Spell-Check: Autocorrecting Diarrhea

Spell-checking has been around since the early days of computing. I can’t say that it has improved much in recent years. Sure, any software can flag misspelled words, but it is the suggested words that are in dire need of help. When I’m typing a word that I don’t exactly know how to spell, I make my best attempt at it and let the computer correct me. The suggested list of possible words often perplexes me. Sometimes I cannot imagine how it arrived at those words.

Before I launch into my rant, I’ll say that Google is the best at figuring out pretty much any word spelling combination. If I can’t find the spelling anywhere else, a simple Google search yields accurate results every time. I’m excluding Google from this rant because that is an Internet search, which I think is a little different than composing text in an application.

I’ll begin with some positive praise. Microsoft Word has the best spell checking and suggestion engine out there. In my experience, no other program comes close. That’s one of the many reasons why I am using Word to write this post, which you are reading now. It doesn’t always give me the precise word I’m looking for, but it still beats the competition.

The Firefox browser added built-in spell checking many versions ago, and it is one of the worst examples of this behavior. Long ago, I gave up composing blog posts in a browser window for this very reason. The Firefox spell checker is just terrible. Sure, it knows when a word isn’t in the dictionary, but determining what that word should be is something it fails at more often than not.

Apple’s iOS operating system is not great at suggesting spellings for misspelled words either. I am often baffled at the words it suggests. Sometimes I think the dictionary engine is powered by nothing more than a random word generator. All too often when I tap a misspelled word, I get two or more completely off the wall suggestions, or even worse, the message that “No replacements found.”

All of this brings me to one tricky word to spell: diarrhea. For some reason I can never spell it right on the first try. I always want to spell it “diaherria” (which is obviously incorrect.) My misspelling is close to the actual word, so it should be a snap for the computer to correct it for me. Not so! Not a single program that I’ve tested this on can get it right.

MS Word thinks it is “diathermia.” Firefox throws up its hands and doesn’t offer any suggestions at all. The Chrome browser thinks it is “diehard.” The Mac OS X dictionary also thinks the word is “diehard.” The suggestion from iOS, however, is by far the worst. That same misspelled word in iOS 6 is autocorrected to “fisheries.” Yes, fisheries! Completely absurd! I could maybe understand that if it had grown accustomed to me typing that word several times in the past, but I’ve never typed that word to my knowledge.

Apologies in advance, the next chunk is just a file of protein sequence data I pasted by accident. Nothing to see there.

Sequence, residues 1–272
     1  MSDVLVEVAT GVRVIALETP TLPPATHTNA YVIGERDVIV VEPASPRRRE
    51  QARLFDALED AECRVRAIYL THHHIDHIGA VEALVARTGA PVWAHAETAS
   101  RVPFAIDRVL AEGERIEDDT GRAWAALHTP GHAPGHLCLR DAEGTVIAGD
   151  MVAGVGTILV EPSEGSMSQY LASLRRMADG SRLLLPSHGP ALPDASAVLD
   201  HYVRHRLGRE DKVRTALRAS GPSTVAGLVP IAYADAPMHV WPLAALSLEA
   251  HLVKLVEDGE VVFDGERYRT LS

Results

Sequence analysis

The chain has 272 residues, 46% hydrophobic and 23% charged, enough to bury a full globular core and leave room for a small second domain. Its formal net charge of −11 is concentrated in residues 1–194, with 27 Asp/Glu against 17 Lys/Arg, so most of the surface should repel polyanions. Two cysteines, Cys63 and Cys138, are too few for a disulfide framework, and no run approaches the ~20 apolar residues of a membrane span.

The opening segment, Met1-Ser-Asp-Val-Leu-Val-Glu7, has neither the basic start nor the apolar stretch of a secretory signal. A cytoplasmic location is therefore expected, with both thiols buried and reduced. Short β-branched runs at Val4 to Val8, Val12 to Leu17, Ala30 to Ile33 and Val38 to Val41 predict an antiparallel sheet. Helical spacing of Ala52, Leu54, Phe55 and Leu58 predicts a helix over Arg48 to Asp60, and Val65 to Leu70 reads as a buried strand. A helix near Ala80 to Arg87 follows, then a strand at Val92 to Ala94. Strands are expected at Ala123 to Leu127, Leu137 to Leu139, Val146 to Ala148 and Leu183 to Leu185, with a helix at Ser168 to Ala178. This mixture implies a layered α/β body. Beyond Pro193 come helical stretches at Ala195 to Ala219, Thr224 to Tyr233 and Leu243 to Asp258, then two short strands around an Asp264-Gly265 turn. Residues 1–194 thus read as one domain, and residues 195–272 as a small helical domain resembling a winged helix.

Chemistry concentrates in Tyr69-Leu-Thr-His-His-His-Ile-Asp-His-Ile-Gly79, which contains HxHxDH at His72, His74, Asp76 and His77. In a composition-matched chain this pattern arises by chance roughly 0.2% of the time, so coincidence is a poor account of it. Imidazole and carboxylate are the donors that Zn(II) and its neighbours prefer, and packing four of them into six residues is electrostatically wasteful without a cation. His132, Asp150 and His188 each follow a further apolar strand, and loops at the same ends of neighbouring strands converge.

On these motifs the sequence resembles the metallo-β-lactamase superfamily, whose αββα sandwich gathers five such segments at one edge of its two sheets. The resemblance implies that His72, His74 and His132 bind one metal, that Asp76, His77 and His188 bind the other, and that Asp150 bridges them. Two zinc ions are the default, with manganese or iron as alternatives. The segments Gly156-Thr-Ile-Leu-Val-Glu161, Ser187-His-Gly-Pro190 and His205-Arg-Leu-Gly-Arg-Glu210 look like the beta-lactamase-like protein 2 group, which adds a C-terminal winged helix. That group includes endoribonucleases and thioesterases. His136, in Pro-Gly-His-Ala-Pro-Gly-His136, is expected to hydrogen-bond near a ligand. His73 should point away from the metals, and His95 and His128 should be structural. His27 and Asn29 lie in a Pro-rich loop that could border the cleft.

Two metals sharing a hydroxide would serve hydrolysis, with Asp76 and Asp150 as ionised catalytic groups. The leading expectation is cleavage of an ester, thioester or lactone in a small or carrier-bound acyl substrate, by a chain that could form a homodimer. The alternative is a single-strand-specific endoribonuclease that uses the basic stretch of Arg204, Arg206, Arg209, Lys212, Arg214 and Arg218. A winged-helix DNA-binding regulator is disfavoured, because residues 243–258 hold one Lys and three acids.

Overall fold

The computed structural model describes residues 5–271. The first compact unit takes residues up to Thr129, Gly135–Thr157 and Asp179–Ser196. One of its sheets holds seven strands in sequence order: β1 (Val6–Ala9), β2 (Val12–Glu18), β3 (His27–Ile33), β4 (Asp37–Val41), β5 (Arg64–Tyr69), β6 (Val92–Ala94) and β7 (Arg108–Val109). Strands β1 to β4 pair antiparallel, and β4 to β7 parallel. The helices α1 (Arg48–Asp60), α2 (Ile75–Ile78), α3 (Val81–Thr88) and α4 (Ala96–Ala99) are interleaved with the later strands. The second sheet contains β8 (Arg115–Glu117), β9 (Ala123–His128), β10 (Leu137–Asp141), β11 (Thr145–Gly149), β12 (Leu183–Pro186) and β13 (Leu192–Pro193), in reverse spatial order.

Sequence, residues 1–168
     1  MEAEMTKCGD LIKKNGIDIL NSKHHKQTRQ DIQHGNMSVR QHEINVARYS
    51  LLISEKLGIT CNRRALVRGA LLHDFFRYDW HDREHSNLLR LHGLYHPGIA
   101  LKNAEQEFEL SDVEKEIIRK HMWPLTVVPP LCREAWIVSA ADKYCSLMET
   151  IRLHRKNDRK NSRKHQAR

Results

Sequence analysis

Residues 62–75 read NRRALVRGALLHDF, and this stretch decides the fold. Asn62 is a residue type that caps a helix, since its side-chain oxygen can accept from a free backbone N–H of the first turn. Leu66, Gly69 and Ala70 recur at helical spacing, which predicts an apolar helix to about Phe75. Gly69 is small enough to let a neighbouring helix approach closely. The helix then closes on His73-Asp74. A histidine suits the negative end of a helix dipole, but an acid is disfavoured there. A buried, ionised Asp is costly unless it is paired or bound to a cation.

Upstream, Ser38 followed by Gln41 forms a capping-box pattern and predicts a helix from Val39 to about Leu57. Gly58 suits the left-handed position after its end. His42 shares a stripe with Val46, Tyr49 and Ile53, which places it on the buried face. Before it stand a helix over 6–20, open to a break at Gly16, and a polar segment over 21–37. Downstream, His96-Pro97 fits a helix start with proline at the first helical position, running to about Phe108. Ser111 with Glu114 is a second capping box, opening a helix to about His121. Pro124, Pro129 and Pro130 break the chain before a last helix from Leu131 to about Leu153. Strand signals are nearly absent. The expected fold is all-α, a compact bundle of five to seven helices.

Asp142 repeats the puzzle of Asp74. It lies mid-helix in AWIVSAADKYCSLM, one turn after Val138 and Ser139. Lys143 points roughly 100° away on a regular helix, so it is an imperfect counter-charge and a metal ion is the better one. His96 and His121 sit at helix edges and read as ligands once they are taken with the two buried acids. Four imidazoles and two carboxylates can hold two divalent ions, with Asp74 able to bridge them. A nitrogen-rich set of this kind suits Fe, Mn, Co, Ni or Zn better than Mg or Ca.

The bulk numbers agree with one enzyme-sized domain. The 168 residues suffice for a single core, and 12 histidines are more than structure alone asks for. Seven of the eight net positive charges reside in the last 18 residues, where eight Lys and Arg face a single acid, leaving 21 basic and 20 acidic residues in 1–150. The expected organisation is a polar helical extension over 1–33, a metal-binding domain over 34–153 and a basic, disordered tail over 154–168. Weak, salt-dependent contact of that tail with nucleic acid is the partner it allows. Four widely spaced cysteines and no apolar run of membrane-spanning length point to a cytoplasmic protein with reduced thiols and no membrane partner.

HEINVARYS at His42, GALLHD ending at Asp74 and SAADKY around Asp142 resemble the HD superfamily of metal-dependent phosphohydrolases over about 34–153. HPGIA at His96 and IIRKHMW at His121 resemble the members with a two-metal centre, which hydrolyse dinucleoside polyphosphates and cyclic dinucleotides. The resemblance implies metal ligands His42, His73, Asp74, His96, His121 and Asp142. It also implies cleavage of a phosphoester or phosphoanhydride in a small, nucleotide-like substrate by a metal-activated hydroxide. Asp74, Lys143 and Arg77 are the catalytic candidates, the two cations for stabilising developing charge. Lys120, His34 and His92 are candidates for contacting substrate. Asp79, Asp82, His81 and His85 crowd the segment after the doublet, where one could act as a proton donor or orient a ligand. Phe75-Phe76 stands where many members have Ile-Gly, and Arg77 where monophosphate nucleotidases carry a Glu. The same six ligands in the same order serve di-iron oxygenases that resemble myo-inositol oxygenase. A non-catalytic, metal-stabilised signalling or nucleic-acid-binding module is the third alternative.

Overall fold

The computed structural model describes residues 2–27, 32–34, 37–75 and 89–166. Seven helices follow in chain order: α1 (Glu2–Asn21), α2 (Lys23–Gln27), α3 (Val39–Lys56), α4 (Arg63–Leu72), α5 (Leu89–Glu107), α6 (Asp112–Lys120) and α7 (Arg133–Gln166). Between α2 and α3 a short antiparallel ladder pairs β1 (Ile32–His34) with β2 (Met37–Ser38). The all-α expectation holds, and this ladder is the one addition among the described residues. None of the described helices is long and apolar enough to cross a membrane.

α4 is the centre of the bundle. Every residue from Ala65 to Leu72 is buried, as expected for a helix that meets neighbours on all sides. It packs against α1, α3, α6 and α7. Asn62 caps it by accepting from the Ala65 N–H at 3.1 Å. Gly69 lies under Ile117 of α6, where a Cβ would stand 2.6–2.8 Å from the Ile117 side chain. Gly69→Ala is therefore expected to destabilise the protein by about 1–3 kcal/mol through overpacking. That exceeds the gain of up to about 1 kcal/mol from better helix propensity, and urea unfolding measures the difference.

I’m left to think that there must be a deliberate effort to suppress the word diarrhea from being on a suggested words list.

I only used the word diarrhea as a single example. There are many others. I struggle with autocorrect every day, and I’m sure other users do as well. I don’t see why it is so hard to figure out what I am trying to spell.

If anything good has come from writing this post, it’s that I’ve typed the word diarrhea so many times that I’ll probably never forget how to spell it right the first time.

The Nine Minute Snooze Standard

It drives me crazy that I can’t change the snooze interval on my alarm clock. I don’t want it to be nine minutes. Once my alarm sounds off, I smack the snooze button and fall back to sleep. Occasionally I’ll crack an eye open and peek at the time. How much longer do I have until it goes off again, I wonder? I can never quite figure that out, because it’s multiples of nine minutes. It’s ridiculous. I want it to be five or ten minutes so I can calculate in my barely awake state the number of times I can hit the button before I end up oversleeping.

What is the reason for this nonsensical standard, anyway? I did some research to find out. I read several articles and the consensus is that it originates from the days of old when clocks used gears to operate. The inner workings of a clock had long been established before the snooze feature arrived in the 1950s. In order to make it work, the snooze gear had to be added to the existing internal configuration. The gear limitations left the designers with only two snooze options: Nine minutes or slightly more than ten minutes.

Studies had shown that people fall into a deep sleep after ten minutes, so the decision was made from the get-go to cap the snooze interval at nine minutes. I now understand and appreciate where the standard originated, but that doesn’t explain why we still use it in the modern age of digital clocks.